DHCP Vendor Class Polycom Phones

Bit of a change of pace for me today. No Essentials and No PowerShell.

I am setting up a new DHCP Server for a client. It is a small LAN that has no VLANs or any other advanced configuration, which leads their Polycom phones to sharing the same configuration as the client computers. This is generally OK of course however I wanted to specify specific NTP information to the phones. Of course I could do this with DHCP Reservations tied to MAC addresses, but I decided that after twelve years working in IT, I should probably try out DHCP Vendor Options. 

Firstly I tried to google it, but I have to say I found a lot of the instructions confusing and not really step by step to go from no configuration, to fully configured.

So I downloaded Wireshark on my own DHCP Server and setup a filter to monitor DHCP traffic (port 67 or port 68)

I rebooted a single phone I had here in the office and watched the DHCP packets come in.

Finding a DHCP Discover Packet we can see the Vendor class identifier.

Vendor Class Frame

Looking at the frame information, we can see the binary data for the Vendor class. Luckily Wireshark helpfully highlights the binary data when you select the relevant piece of the frame.

Polycom ASCII

Even more helpful is when you hover over a binary value it highlights the ASCII value. Here we can see that both P and 50 are highlighted in yellow.

Binary Data

So given this information, we know that the phone in question is a Polycom-VVX400, the Vendor Class identifier is also Polycom-VVX400 which has a binary value of: 50 6f 6c 79 63 6f 6d 2d 56 56 58 34 30 30.

P O L Y C O M V V X 4 0 0
50 6F 6C 79 63 6F 6D 2D 56 56 58 34 30 30

We can now use this information to create our Vendor Class in DHCP.

Inside DHCP Management right click your scope type (ipv4) and click on Define Vendor Classes.

Define Vendor Class

In the DHCP Vendor Classes window, click on Add.

Add Vendor Class

Enter a Display Name, a Description if you want to and the Binary Value.

As you type the Binary you will see the ASCII automatically populates and allows you to see what the binary translates to. Enter the Binary data and Click on OK.

New Vendor Class

Click on Close.

Vendor Classes

Now that we have defined our Vendor Class we can define some options to go with it. Common options for this seem to be option 66 for bootfiles however the process to create an option is the same regardless of which option you are specifying. I want to define option ‘042 NTP Servers’ to make sure I set my phones to use an external NTP Server.

Right click your server name and this time go to Set Predefined Options.

Set Predefined Options 1

Using the Option Class drop down you can see Polycom-VVX400 listed.

DHCP Scope Option Vendor Class

You can see Option Name is currently empty.

Click on Add, and fill out the information required for your option type.

In this case NTP Servers is option 042, it is an array of IP Addresses.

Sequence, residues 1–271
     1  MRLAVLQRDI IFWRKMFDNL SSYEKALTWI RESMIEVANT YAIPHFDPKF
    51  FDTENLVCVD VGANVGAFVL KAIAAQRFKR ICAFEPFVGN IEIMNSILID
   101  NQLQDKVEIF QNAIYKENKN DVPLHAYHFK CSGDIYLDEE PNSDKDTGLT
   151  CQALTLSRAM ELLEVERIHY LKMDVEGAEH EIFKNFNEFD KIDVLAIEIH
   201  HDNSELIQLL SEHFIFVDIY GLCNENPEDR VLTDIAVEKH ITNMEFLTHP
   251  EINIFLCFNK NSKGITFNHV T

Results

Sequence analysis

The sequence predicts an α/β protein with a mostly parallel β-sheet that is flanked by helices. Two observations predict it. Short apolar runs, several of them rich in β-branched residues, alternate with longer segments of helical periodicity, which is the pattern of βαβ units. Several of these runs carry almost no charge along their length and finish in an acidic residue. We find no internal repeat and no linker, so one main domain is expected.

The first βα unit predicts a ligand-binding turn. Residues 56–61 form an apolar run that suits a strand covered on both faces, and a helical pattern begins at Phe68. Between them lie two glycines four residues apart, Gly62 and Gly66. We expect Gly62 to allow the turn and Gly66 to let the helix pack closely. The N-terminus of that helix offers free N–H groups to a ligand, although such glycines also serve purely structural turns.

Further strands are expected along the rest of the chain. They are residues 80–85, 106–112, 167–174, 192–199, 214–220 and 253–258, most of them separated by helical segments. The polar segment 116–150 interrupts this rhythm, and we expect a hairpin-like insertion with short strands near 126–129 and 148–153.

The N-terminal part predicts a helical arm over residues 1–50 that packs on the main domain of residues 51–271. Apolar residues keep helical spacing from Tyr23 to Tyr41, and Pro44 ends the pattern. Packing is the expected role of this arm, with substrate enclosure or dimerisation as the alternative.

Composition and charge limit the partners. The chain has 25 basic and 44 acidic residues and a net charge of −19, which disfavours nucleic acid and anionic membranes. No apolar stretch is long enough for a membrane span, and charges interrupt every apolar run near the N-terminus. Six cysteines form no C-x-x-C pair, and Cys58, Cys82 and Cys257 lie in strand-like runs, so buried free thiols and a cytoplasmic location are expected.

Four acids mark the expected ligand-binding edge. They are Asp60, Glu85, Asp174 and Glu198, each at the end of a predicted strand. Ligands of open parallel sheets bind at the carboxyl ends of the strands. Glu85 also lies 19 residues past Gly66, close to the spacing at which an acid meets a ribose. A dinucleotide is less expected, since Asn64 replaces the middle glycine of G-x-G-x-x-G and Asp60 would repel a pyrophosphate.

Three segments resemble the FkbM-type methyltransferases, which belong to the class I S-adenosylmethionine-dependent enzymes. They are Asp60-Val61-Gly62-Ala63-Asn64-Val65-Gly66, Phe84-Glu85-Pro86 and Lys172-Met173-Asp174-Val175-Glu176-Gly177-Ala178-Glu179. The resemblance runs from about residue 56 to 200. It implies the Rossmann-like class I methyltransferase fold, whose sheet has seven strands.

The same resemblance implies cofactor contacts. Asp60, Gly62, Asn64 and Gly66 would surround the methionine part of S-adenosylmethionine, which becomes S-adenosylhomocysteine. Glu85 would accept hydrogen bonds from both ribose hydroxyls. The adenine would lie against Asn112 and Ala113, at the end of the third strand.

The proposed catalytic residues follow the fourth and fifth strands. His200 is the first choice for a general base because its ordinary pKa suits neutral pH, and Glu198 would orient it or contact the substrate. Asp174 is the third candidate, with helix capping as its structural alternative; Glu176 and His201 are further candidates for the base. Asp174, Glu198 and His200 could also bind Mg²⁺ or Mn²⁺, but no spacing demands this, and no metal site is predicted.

Configure Option 042

We can now choose to define this option as a server option or a scope option.

I’m going to set it as a scope option, so right click scope options.

Add Scope Options

Switch to advanced and then use the dropdown to select Polycom-VVX400

DHCP Scope Option Vendor Class

As we have only defined one option for our Vendor Class we only have one option listed that we can configure. put a tick in the box and then the fields become available.

For this example I am setting my phones to use an external time server 1.uk.pool.ntp.org. I can enter that and use the resolve button to grab the IP Address. Click on Add to add it to the list and then click on OK.

DHCP Scope Option 042

If you switch back to Scope Options you can now see your new option defined with the Vendor Class and value.

DHCP Scope Option

Now if you reboot your Phone it will pickup this information from DHCP.

In addition to this method, Server 2012 introduced a feature called Policies. Without going into too much detail as this post is already long enough, Policies allow you to set conditions based on a number of variables and supports wildcard characters.

DHCP Policies Wildcard

Using a wildcard on a Vendor Class requires you to add a Vendor Class with the first portion of the ID, in this case ‘Polycom’ (50 6F 6C 79 63 6f 6D).

Here is a chart to help work out your Binary/ASCII Values.

ascii binary

About Robert Pearman
Robert Pearman is a UK based Small Business Server enthusiast. He has been working within the SMB IT Industry for what feels like forever. Robert likes Piña colada and taking walks in the rain, on occasion he also enjoys writing about Small Business Technology like Windows Server Essentials or more recently writing PowerShell Scripts. If you're in trouble, and you can find him, maybe you can ask him a question.

2 Responses to DHCP Vendor Class Polycom Phones

  1. Rich says:

    Thanks Robert, this has been invaluable help with a clients Polycom Trio DHCP scopes!

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